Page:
Belarusian President Alexander Lukashenko commented during his most recent meeting with Russian President Vladimir Putin, drawing some extra attention.
“You know the two of us are co-aggressors, the most harmful and toxic people on this planet,” Lukashenko said with Putin sitting at his side. “We have only one argument—who is bigger. Vladimir Vladimirovich says I am, I’m starting to think he is, so we decided together. The same. That’s all.”
The 20-second clip was posted to Twitter by Ukrainian internal affairs adviser Anton Gerashchenko. Lukashenko and Putin met in Minsk, Belarus, for the first time in three years, with all previous meetings taking place in Moscow.
Monday’s encounter comes after weeks of speculation regarding Belarus’ future role, if any, in the Russia-Ukraine conflict. It also occurred mere days since Lukashenko seemed to imply that his country could have been in Ukraine’s current position if not for his friendship with Putin.
Since Putin launched his Ukraine invasion on February 24, Belarus has emerged as one of Russia’s closest strategic allies as Putin faces rebuke from the West. Lukashenko has publicly supported the Russian leader, even allowing Russian troops to enter Ukraine from the Belarus-Ukraine border, providing closer access to the capital city of Kyiv.
Although initially billed by Belarusian and Russian officials as a meeting to discuss economics and sanctions resulting from the invasion, it was thought to be an attempt on Russia’s behalf to lobby Belarus to insert itself militarily or otherwise.
Lukashenko said that Belarus and Russia have managed to respond to all threats despite pressures resulting from the COVID-19 pandemic, sanctions and other crises, Russian state media outlet TASS reported Monday.
“Strengthening Belarusian-Russian ties has become a natural response to the changing situation in the world, in which our strength has constantly been tested,” Lukashenko said. “I believe that, despite some rough spots, we can still find effective responses to various challenges and threats.”
The first portion of Monday’s meeting included delegations from the two countries, TASS reported. Among the present officials were Russian Deputy Prime Minister Alexey Overchuk, Russian Defense Minister Sergei Shoigu, Kremlin aide Yury Ushakov, Kremlin spokesman Dmitry Peskov, and Roscosmos CEO Yury Borisov.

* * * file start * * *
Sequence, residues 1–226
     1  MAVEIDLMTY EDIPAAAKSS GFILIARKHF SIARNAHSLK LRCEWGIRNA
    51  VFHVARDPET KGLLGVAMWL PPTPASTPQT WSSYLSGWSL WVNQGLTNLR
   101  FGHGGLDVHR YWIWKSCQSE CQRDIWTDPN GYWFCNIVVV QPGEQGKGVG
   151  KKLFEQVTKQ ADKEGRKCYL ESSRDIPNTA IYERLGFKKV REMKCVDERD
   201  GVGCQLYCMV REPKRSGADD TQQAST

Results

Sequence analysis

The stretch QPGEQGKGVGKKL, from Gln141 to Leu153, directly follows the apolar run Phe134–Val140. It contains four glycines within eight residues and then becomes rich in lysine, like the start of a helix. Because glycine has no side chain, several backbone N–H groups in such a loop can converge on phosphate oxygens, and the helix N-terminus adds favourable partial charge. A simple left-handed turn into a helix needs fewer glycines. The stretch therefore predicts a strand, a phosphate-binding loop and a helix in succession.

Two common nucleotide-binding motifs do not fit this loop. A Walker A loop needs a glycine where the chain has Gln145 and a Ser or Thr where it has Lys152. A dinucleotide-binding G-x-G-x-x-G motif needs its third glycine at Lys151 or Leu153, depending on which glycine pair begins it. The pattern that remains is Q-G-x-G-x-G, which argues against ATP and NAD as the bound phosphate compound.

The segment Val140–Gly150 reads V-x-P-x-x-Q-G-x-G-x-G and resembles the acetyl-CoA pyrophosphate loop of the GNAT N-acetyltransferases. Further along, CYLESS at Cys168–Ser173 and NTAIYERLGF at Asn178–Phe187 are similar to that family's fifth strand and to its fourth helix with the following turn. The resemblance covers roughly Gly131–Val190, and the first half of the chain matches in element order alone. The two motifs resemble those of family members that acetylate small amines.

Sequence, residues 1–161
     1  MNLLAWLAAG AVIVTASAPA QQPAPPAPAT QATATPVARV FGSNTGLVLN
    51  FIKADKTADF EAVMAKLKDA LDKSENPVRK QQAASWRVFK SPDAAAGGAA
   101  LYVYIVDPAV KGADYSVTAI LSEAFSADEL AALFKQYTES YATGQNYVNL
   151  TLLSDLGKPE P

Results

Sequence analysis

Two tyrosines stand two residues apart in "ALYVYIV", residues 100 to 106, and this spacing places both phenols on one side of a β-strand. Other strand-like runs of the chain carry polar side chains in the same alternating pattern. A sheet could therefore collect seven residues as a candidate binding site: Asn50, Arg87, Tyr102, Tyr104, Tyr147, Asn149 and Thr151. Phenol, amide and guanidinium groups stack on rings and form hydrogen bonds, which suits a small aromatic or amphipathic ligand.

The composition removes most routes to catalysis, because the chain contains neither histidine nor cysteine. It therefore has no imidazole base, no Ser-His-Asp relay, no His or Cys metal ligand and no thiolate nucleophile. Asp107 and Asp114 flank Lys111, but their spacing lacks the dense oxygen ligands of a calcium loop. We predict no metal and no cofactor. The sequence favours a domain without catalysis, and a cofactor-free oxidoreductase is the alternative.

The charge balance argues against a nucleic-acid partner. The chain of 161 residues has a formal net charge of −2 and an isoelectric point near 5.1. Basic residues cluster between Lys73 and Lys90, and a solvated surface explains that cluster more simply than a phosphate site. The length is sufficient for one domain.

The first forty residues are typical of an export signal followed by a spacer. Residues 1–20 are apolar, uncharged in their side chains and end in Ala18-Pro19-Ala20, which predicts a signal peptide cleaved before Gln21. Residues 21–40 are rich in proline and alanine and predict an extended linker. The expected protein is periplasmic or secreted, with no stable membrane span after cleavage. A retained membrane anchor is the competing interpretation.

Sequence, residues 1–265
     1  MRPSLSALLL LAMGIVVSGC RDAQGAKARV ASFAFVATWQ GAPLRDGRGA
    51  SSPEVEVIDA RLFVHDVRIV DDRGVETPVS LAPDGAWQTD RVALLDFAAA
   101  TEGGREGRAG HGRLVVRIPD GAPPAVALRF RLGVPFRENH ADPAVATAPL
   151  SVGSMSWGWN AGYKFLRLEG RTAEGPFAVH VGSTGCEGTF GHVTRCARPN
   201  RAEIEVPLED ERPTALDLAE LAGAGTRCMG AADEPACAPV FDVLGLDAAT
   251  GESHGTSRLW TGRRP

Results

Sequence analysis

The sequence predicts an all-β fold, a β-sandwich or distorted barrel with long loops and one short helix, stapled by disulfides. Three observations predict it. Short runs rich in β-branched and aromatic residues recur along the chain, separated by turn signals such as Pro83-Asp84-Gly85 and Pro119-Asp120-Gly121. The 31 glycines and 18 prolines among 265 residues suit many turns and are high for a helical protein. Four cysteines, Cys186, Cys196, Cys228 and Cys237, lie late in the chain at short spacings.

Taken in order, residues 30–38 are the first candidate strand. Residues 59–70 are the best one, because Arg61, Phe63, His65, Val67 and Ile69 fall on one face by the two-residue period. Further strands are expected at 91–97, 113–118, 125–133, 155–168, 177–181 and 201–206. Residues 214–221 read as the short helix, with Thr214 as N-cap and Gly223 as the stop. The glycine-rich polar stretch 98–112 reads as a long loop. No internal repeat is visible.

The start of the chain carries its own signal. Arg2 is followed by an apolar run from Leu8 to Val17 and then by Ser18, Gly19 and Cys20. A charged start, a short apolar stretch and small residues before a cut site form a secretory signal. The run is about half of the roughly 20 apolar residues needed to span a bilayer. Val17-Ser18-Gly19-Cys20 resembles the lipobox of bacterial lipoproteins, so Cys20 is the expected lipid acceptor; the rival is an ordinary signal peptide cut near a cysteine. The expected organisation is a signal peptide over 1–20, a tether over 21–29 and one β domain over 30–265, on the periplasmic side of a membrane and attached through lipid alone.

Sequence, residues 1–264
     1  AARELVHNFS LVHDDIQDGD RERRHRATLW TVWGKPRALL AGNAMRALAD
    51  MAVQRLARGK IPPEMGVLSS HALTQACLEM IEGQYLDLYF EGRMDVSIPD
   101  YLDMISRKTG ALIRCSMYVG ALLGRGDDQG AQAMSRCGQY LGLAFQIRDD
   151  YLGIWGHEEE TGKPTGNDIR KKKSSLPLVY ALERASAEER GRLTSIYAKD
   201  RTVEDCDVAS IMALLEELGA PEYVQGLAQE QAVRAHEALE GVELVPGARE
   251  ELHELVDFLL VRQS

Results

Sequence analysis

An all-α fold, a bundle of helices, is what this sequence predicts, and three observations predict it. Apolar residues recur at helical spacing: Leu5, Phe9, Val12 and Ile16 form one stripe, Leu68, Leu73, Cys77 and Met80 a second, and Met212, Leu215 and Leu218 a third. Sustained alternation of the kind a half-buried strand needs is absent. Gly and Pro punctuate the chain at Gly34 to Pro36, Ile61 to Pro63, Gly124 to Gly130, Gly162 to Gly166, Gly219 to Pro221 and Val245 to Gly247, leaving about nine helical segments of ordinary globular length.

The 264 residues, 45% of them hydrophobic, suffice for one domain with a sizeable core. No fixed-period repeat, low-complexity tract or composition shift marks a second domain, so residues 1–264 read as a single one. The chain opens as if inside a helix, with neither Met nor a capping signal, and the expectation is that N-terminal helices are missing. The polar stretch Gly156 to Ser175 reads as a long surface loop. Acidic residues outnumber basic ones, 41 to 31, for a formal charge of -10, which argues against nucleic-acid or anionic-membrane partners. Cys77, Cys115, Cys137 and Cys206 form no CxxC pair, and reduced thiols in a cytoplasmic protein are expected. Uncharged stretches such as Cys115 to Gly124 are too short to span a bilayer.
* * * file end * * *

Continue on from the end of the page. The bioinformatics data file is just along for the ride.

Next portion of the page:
Peskov reportedly said before the Putin-Lukashenko meeting that the two would discuss military issues, and regional and international problems. Meanwhile, Russian Foreign Minister Sergei Lavrov met with his Belarusian counterpart, Sergey Aleinik, to discuss Ukraine and the sanctions levied by the West.
The meeting entailed conversation about other bilateral issues, including “special attention” paid to implement so-called Union State programs to integrate both nations economically.
“The parties exchanged views on international and regional issues, including the situation around the Ukrainian crisis,” the Russian Foreign Ministry’s statement read. “They reaffirmed their determination to coordinate steps on international platforms and efforts to resist the political and illegal sanctions pressure that Russia and Belarus have been facing from unfriendly countries.”
Following a cordial handshake between Putin and Lukashenko, Belarusian oppositionist Sviatlana Tsikhanouskaya tweeted that Belarus is “not for sale.”
“Belarus is not for sale. Our independence is not for sale,” she wrote. “The dictator Lukashenka can’t make agreements on behalf of our people—he only represents himself. And he won’t save his own skin.”
Meanwhile, the Institute for the Study of War (ISW), a U.S.-based think tank, said earlier this month in a report that it remains “extraordinarily unlikely” for Belarus to involve itself in the Russia-Ukraine war.
“Belarus lacks capabilities to produce its own armored fighting vehicles making the transfer of this equipment to Russian forces both a current and a likely long-term constraint on Belarusian material capacities [to] commit mechanized forces to the fighting in Ukraine,” the ISW wrote.
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